The Paris Review: More Than Just a Lesbian Love Story – “Shameless” and “unpublishable” the publishers called it when they first saw the manuscript in 1950. In her monthly column, Re-Covered, Lucy Scholes exhumes The Tree and the Vine by the Dutch writer Dola de Jong.
Bookforum: What’s Happening? – Elvia Wilk on dystopian fiction, “or: How to name a disaster”.
Bring Me The News: Moon Palace Books, with ‘abolish the police’ sign, is spared in protests – Melissa Turtinen reports that Moon Palace Books in south Minneapolis was one of few businesses spared by rioters during protests over the death of George Floyd.
BBC Culture: The man who wrote the most perfect sentences ever written – “In [BBC Culture’s] latest essay in which a critic reflects on a cultural work that brings them joy, Nicholas Barber pays tribute to the blissfully escapist comic novels of PG Wodehouse.”
CBC: These researchers want to hear how you discovered the literary world of L.M. Montgomery – “So many L.M. Montgomery fans have a story that they tell of how they became an L.M. Montgomery fan”.
NYC Tutoring: What Are the Most Checked-Out Books at the New York Public Library? – The New York Public Library (NYPL) is celebrating its 125th birthday with “a list of the 10 books that had been checked out most frequently” over the years.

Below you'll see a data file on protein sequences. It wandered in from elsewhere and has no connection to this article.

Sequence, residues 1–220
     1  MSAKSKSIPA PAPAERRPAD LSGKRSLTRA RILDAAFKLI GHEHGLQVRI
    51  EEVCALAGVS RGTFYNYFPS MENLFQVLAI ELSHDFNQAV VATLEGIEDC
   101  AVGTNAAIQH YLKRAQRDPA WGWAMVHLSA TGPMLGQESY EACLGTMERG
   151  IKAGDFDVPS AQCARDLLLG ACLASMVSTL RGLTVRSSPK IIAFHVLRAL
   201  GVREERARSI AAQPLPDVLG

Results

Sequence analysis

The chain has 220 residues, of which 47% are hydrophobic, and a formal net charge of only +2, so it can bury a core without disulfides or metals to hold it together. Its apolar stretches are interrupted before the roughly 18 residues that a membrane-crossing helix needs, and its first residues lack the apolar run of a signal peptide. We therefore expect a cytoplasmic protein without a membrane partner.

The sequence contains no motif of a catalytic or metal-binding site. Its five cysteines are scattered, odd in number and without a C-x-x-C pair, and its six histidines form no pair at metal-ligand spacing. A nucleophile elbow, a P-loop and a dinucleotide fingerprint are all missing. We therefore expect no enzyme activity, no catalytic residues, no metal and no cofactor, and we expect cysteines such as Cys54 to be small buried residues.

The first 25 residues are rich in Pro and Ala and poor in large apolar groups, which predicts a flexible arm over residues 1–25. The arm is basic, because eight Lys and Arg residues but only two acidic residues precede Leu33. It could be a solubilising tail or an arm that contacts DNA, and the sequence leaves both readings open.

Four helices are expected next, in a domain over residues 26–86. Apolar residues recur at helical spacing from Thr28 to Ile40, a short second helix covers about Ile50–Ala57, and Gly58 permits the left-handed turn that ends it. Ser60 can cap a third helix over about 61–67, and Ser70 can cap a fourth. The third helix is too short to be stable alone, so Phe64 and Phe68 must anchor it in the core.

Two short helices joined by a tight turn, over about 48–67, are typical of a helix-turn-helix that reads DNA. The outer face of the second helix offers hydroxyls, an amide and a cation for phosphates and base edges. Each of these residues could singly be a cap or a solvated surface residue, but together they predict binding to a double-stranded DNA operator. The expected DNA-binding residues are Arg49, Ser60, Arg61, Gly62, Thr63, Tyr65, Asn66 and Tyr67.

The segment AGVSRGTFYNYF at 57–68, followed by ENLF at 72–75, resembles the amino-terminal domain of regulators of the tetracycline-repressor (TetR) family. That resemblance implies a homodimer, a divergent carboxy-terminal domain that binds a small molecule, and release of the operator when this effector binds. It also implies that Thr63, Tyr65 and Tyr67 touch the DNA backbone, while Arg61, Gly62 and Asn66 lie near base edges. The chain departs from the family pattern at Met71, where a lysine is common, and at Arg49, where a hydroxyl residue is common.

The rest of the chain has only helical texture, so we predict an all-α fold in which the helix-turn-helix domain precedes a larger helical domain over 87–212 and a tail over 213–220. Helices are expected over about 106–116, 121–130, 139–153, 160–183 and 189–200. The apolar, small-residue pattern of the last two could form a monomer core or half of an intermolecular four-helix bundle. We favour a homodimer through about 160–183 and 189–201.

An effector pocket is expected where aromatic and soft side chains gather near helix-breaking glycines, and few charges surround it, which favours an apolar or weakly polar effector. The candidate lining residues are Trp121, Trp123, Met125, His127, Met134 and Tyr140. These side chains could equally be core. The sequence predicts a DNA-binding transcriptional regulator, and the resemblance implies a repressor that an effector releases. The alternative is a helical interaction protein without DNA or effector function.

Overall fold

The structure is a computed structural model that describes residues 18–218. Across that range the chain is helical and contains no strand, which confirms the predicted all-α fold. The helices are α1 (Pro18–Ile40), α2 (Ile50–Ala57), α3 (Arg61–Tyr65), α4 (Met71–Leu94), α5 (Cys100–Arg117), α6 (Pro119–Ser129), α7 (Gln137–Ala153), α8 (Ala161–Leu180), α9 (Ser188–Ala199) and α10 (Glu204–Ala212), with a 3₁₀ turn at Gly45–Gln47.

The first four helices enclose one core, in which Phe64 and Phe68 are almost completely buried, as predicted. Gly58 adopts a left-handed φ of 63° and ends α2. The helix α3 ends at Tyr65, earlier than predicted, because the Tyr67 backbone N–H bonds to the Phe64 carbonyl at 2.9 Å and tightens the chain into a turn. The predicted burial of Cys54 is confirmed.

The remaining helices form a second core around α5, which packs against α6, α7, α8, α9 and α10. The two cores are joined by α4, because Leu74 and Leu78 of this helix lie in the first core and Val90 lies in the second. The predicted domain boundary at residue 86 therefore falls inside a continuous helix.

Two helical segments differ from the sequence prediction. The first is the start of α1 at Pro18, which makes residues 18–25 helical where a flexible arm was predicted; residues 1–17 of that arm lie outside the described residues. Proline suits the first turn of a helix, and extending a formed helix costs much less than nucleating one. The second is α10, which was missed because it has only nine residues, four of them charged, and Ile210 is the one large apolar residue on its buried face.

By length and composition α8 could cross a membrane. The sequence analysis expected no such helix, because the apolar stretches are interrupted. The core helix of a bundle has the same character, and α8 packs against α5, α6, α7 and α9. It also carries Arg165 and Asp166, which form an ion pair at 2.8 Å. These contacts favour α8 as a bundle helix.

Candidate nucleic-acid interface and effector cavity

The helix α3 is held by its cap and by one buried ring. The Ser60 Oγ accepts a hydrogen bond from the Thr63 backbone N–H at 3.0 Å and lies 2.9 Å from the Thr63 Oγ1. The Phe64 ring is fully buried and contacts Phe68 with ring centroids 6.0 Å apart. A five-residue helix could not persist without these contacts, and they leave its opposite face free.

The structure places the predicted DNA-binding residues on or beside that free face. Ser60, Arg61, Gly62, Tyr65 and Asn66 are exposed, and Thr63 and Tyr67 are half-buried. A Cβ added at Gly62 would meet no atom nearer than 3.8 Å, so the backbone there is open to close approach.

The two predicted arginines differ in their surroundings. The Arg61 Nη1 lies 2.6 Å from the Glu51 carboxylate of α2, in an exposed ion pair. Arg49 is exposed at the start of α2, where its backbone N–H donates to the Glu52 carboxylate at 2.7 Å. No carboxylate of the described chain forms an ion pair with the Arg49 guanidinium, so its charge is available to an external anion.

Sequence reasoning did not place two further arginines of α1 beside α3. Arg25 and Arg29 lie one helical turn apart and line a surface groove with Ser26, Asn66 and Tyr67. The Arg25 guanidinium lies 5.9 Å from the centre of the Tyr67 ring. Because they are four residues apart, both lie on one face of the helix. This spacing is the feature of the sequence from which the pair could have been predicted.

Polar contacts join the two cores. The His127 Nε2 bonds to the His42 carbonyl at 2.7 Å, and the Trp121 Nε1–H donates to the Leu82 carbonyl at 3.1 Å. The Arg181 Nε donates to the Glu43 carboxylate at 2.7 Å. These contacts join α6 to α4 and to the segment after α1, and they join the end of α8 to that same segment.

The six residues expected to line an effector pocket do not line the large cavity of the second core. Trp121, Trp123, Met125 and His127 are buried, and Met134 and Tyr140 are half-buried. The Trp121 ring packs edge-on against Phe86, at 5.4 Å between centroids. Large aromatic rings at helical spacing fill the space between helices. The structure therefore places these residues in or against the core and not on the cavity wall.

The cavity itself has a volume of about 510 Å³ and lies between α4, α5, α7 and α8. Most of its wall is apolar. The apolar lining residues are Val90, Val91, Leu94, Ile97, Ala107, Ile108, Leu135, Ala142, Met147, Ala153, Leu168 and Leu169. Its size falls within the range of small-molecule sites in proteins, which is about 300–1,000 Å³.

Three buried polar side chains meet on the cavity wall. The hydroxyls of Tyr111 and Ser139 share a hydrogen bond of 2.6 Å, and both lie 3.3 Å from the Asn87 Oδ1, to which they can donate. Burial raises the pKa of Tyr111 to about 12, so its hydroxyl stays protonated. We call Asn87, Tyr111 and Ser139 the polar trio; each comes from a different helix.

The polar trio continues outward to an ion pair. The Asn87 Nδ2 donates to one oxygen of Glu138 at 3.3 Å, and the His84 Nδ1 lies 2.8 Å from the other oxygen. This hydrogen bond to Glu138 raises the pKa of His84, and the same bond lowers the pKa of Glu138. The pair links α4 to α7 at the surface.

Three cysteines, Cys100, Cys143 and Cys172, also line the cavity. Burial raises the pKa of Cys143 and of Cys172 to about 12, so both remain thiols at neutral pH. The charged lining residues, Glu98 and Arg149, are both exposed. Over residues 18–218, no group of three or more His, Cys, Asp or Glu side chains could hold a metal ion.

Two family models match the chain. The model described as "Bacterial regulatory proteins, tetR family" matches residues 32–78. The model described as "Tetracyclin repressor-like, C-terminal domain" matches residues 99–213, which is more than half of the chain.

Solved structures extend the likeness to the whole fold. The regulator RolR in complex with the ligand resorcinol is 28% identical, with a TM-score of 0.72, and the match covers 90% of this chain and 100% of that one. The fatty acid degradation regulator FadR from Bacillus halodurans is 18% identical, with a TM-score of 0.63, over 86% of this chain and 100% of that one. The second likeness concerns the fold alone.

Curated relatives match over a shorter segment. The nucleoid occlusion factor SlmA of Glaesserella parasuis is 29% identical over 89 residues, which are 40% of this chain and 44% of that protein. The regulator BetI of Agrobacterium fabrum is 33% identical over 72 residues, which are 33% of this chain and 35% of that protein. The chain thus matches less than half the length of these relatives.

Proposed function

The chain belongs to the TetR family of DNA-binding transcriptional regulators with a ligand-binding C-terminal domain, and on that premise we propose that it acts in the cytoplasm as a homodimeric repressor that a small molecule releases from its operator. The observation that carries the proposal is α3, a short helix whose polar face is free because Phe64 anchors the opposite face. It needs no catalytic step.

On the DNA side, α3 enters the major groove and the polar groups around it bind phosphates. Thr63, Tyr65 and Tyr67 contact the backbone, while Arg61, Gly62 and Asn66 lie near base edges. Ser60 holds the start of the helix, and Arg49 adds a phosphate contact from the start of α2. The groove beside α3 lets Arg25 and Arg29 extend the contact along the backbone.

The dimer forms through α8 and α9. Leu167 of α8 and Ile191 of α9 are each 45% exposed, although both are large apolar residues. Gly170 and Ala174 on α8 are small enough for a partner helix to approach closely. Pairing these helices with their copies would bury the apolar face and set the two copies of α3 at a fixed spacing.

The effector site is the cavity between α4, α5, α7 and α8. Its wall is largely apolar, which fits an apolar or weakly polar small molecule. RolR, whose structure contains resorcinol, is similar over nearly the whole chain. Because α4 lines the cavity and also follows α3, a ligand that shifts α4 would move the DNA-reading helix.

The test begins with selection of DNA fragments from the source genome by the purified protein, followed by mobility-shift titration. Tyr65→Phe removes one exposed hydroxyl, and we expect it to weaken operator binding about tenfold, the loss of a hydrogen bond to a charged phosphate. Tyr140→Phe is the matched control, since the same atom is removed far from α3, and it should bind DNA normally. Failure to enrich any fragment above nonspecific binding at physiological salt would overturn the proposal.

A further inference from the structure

The Bookseller: Serendipity will keep bookshops alive – Anne Welsh looks at “some of the lockdown actions that have kept shops afloat – and why they work on buyers.”
Harper’s Bazaar: Rachel Cargle Is Opening a Bookstore and Writing Center to Support Marginalized Voices – “She also shared her #Revolution Reading List, which is more necessary now than ever”, says Erica Gonzales.
DW: International Literature Award honours 6 books – Sabine Peschel reports: “This year, six books are recognized by the International Literature Award of Berlin’s Haus der Kulturen der Welt. From queer avant-garde author Isabel Waidener to Nigerian Chigozie Obioma, the selection is diverse.”
Quill & Quire: RMB publisher Don Gorman creates new Google map tracking Black-owned bookstores – Canadian publisher Don Gorman of Rocky Mountain Books has created an interactive map of independent black-owned bookstores.
World Literature Today: In Mexico, One Bookstore per 120,000 Inhabitants – “Already precarious, the pandemic lockdown has made the plight of independent publishers and bookstores in Mexico in light of Covid-19 even more acute”, says Elena Poniatowska.